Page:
Taiwan has banned international match-making services amid fears it leads to human trade and marital abuse, the immigration bureau said Thursday.
All commercial match-making operations across the country will be barred from August 1 with violators facing a fine of up to a million Taiwan dollars (30,500 dollars), the bureau said in a statement.
As of June 2009, more than 410,000 Taiwanese men were married to women from China or southeast Asia, according to the bureau.
Taiwan's parliament last year revised the immigration law to pave the way for the ban following a series of high-profile criminal cases.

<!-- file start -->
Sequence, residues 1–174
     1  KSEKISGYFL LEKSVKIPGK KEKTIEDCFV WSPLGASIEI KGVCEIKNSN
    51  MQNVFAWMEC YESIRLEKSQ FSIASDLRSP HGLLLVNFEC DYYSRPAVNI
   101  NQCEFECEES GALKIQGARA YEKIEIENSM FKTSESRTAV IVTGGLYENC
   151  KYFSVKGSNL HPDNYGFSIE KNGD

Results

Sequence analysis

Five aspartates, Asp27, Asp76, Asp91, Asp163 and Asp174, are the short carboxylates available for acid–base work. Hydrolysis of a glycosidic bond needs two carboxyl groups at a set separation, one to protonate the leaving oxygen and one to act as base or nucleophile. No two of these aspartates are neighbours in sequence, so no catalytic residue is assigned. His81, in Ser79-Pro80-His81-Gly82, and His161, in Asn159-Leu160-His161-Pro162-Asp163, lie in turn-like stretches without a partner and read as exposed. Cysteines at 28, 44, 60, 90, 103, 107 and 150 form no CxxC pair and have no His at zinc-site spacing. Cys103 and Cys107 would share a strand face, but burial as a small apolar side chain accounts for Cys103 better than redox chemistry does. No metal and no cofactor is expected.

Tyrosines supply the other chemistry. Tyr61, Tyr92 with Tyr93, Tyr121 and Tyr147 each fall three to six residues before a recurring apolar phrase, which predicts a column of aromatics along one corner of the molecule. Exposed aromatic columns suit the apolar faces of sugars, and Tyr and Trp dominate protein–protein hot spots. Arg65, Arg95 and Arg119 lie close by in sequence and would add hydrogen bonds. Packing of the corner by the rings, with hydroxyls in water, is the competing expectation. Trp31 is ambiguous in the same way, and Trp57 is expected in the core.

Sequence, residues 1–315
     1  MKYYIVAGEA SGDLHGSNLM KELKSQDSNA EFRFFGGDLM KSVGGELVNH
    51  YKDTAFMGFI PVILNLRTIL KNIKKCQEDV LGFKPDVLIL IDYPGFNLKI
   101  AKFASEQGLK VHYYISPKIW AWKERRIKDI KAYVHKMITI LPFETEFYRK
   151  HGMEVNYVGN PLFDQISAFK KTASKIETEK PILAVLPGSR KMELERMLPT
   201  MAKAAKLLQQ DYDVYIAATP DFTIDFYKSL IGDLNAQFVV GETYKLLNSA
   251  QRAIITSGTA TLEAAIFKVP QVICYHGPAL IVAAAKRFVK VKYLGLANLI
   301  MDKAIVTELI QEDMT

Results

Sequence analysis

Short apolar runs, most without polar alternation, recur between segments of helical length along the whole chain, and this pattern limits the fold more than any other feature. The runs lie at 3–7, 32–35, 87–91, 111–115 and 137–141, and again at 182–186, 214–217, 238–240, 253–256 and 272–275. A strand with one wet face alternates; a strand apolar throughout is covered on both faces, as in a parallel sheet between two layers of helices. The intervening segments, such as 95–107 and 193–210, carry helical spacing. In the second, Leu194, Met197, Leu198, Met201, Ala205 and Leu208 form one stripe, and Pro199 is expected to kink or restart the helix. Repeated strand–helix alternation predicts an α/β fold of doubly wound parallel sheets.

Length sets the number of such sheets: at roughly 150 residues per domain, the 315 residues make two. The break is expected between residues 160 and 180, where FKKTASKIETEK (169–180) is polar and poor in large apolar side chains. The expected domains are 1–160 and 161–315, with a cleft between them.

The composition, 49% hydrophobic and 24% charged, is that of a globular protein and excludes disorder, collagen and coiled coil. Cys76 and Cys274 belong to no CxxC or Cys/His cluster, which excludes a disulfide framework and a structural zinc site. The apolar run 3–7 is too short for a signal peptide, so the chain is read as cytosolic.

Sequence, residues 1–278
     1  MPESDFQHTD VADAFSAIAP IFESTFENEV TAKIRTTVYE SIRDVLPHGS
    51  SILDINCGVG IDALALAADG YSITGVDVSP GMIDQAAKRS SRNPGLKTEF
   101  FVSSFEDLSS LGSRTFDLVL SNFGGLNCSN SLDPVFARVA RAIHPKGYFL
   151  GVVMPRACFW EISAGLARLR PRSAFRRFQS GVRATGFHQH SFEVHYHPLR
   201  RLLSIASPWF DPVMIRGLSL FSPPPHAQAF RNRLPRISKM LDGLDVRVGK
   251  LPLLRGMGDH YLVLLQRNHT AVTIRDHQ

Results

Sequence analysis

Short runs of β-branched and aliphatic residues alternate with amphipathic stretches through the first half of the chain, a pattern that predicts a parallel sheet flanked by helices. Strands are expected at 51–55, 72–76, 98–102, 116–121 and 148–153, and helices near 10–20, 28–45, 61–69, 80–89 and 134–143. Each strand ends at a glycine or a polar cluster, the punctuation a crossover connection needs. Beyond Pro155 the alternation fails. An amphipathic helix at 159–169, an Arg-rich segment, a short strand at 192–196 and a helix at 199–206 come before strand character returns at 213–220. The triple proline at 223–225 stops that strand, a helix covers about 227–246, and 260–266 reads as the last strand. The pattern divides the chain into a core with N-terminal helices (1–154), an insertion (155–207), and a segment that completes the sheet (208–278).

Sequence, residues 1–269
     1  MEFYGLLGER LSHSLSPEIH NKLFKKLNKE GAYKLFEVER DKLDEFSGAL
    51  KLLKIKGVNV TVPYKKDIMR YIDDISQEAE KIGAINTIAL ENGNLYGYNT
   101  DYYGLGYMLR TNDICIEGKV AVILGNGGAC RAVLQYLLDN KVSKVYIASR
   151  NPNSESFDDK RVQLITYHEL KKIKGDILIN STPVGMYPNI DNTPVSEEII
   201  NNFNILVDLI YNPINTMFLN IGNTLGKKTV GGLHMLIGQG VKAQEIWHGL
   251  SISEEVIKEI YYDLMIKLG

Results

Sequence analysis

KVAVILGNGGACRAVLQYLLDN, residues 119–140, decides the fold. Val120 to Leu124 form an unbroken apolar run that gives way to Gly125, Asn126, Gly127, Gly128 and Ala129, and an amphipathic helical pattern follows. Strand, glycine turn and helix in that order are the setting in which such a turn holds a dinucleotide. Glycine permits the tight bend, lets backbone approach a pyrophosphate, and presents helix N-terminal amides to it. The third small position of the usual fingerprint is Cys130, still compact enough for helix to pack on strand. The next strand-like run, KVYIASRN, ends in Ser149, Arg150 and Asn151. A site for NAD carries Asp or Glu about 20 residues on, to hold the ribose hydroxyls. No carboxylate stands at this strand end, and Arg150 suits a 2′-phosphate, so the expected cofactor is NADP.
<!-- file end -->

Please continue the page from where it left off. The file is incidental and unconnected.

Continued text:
A Taiwanese man was sentenced to life in prison in 2007 for killing his Vietnamese sister-in-law as part of an elaborate insurance swindle, although the Supreme Court earlier this year ordered a new trial after his appeal.
Another man received a four-and-a-half year jail term in 2004 for enslaving and torturing his Vietnamese ex-wife for nearly seven months. She weighed only 29 kilograms (64 pounds) when she was found abandoned in a power plant in central Taiwan.
Many such marriages were believed to be arranged by match-making firms and some touted trips for local men to China and southeast Asian countries to pick their brides.